My Haunted Library

All things spooky. Your source for paranormal and supernatural book and movie reviews, strangeography, Halloween crafts and a little cozy fall baking.


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Review: The Book of Koli

Deadly molesnakes, killer trees, and fearsome faceless men are nothing compared to the chilling secrets that Koli learns about his post-apocalyptic world.

The Book of Koli—M.R. Carey, 2020. Rating 5/5

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Fifteen-year-old Koli desperately wants to be a Rampart: one of the privileged few in his village who control the old tech that keeps them all safe. And decades after humankind played fast and loose with science, there are lots and lots of things in the woods that want to hurt people, like rogue drones, choker seeds, and tree-cats. When Koli fails to become a Rampart and must settle for life as Koli Woodsmith, he is overcome with jealousy of his friend Haijon, who not only became Haijon Rampart, but won the girl Koli fancied. When Koli learns a shocking truth from a traveling doctor, he grows even more determined to “wake” the old tech. The result is both marvelous and devastating, and changes Koli’s life forever.

I could not put this book down.

Carey’s worldbuilding is superlative. We are tantalized, recognizing remnants of our own world; fascinated by tech even we don’t have yet; and sobered by this vision of things gone wrong, propelling humankind back to a pre-industrial society. We experience a poignant awarenes of things lost, a feeling shared by Koli and other characters. Carey brings his world to life with distinctive speech patterns, cultural traditions, and even conflicting religious doctrines, all unique, yet all with recognizable ties to our contemporary society. The result is brilliant: We feel a close connection to Koli’s world but remain just off-kilter enough to feel a sense of wonder and uncertainty.

Koli bridges the gap for us. He is both deeply wise and heartbreakingly naïve: fundamentally human. Sensitive, kind, and self-aware, Koli knows the pitfalls of his choices but is subject to his youthful emotions. I don’t want to give too much away about this incredible book. It is a journey of discovery for reader as much as it is for Koli: An apocalyptic Bildungsroman filled with harrowing adventures, humor, and hope. Highly recommended.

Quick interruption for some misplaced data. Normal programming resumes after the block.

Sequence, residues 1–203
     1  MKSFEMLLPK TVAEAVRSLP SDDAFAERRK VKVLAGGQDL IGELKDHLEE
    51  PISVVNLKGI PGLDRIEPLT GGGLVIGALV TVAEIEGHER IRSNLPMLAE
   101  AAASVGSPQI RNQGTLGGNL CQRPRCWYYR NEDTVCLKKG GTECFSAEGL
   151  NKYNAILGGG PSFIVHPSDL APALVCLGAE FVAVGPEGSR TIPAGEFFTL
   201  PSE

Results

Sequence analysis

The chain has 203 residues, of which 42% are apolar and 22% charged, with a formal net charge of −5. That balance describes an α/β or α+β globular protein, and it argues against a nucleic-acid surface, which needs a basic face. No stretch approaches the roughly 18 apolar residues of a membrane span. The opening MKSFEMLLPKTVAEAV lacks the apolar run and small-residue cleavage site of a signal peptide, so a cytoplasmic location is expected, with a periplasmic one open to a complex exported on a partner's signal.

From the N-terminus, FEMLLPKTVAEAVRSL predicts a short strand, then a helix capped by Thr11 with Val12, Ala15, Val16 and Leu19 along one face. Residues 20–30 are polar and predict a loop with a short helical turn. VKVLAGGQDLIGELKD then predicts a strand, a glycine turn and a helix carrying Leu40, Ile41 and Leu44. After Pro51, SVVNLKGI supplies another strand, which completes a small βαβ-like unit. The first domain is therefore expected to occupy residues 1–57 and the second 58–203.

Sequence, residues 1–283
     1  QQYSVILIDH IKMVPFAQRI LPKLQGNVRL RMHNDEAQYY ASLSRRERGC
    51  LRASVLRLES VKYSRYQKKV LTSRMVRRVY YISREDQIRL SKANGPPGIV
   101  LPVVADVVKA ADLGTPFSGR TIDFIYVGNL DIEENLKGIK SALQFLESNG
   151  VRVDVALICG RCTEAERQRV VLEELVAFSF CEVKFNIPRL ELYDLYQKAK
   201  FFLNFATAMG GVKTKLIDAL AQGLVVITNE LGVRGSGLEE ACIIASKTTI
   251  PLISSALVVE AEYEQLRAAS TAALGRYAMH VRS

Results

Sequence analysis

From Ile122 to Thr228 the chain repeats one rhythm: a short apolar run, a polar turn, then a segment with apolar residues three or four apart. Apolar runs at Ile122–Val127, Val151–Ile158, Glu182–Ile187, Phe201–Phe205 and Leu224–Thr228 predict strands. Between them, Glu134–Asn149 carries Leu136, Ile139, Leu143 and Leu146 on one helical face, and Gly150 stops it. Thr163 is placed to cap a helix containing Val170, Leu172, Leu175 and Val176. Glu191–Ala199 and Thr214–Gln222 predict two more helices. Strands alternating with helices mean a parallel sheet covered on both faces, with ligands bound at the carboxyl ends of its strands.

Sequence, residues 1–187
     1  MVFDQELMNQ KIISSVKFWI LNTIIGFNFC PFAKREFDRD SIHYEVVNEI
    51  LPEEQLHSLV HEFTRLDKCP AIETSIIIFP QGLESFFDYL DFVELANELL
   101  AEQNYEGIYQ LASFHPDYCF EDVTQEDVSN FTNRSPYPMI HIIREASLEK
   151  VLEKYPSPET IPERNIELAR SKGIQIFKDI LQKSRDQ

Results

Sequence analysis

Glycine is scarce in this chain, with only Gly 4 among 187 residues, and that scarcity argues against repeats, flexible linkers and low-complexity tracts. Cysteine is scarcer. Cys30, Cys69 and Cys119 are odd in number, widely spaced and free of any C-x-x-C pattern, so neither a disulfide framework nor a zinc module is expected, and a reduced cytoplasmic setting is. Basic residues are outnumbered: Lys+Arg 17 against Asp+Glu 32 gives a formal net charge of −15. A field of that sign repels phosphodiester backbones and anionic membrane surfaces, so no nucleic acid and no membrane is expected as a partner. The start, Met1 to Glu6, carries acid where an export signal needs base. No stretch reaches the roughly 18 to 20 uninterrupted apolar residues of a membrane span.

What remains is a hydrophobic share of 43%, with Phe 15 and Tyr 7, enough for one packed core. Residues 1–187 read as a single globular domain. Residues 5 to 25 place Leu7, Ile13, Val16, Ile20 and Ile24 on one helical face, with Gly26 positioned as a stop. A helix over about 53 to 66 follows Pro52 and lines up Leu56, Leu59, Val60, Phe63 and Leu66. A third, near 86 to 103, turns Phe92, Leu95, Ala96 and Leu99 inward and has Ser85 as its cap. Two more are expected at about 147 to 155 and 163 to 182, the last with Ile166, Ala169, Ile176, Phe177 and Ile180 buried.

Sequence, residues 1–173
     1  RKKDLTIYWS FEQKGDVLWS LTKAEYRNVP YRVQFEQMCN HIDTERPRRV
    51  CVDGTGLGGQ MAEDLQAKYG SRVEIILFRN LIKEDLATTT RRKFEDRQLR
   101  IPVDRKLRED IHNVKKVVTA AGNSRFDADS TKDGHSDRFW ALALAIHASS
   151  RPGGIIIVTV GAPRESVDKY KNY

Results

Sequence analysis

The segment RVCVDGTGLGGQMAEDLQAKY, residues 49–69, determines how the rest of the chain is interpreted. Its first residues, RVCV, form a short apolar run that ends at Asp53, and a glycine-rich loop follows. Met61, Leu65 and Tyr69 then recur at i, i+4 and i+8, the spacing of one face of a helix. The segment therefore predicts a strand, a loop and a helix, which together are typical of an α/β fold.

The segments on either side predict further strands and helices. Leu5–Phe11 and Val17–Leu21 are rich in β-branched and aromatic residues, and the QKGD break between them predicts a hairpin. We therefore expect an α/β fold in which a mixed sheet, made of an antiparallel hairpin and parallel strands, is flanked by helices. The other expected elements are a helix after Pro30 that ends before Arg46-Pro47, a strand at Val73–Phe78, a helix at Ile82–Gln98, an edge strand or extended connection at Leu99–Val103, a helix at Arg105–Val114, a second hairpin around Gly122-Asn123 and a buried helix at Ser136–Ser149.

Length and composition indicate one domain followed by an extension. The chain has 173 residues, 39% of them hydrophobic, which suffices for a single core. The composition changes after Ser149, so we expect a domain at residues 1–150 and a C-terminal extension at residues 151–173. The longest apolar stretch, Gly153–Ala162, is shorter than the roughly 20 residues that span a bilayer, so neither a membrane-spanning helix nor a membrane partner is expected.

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Review: The Fog

The Fog—James Herbert, 1975.  Rating: 4/5

A menacing yellow fog drifts across the British countryside, leaving everyone it touches violently insane in James Herbert’s 1975 classic.

John Holman is conducting a solo mission for the Department of the Environment. This time, Holman’s investigating what exactly the Ministry of Defense is doing with a very securely guarded swath of land near a little village in Wiltshire. But concerns about his mission take a backseat when an unnatural earthquake swallows half the village and Holman’s car. As he and a little girl struggle to escape the giant hole, a peculiar-smelling yellow mist rises from the depths. Holman and the girl emerge: he’s a raving lunatic, and the girl is comatose.

Miraculously, Holman recovers his sanity—which is fortunate for us readers because he’s our hero. Holman thinks (correctly) there is something suspicious about this yellow fog, which is growing denser and moving around almost as if it has its own agenda (which it does). When Holman’s boss goes insane and kills himself, and Holman’s girlfriend, Casey, tries to butcher him, Holman learns (painfully) that he’s on the right track. Bizarre, savage murders and barbarically aberrant behaviors spread like wildfire in the wake of the fog. The British government rallies medical researchers and the army to stop the malevolent mist, but it is up to Holman, the only person with immunity to its effects, to carry out the final plan.

This is not John Carpenter’s The Fog. No relation at all. Herbert’s novel is uniquely and immediately terrifying. He grabs you within the first three pages and you’re on board for the duration: The pace is unrelenting. As quickly as the authorities catch on and scramble to discover the origin of the fog, and how to stop it, London dissolves into a shadowy, nightmare dystopia. Holman must make his way through this murky killing zone, facing everything from murderous cultists to a psychotic bus driver. I was reminded—in a good way— of some of my favorites: Matheson’s I Am Legend, and the films 28 Days Later and The Warriors. A warning to the sensitive: There is a lot of graphic violence, a bit of it sexual in nature, and a massive bloody, body count. That said, the story is gripping and the characters— although many of them are short-lived—are well-drawn and their plights affecting. This my first James Herbert novel, and I can’t believe I haven’t read him before this. I’ve already added three of his other titles to my queue.

rating system four crows